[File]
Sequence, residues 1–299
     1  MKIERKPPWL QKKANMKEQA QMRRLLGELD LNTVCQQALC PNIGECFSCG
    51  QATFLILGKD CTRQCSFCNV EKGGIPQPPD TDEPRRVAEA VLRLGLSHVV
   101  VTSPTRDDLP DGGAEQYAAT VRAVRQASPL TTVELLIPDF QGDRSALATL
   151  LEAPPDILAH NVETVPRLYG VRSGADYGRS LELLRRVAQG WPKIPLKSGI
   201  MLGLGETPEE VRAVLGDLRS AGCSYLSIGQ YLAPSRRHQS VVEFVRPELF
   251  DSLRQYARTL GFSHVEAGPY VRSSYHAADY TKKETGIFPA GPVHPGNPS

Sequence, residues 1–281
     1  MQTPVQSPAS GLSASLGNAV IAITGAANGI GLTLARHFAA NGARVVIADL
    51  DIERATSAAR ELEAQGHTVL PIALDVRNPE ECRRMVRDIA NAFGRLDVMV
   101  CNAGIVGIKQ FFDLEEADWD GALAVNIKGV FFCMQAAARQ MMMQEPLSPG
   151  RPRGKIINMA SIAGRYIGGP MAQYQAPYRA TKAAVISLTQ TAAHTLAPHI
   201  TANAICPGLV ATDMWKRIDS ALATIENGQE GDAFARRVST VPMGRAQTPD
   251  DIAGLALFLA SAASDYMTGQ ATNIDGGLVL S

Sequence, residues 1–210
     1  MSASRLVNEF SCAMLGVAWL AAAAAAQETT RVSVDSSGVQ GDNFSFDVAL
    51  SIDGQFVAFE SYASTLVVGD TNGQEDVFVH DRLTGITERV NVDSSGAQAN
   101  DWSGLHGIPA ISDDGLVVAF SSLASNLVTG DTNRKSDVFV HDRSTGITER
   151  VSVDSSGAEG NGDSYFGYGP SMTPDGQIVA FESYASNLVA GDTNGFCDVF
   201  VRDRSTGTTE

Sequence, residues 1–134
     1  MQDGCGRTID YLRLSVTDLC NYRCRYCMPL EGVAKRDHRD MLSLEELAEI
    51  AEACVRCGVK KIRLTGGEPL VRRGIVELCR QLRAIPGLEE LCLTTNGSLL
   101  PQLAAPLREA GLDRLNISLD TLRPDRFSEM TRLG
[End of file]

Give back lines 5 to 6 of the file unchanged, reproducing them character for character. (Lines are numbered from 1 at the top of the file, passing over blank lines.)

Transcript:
   151  LEAPPDILAH NVETVPRLYG VRSGADYGRS LELLRRVAQG WPKIPLKSGI
   201  MLGLGETPEE VRAVLGDLRS AGCSYLSIGQ YLAPSRRHQS VVEFVRPELF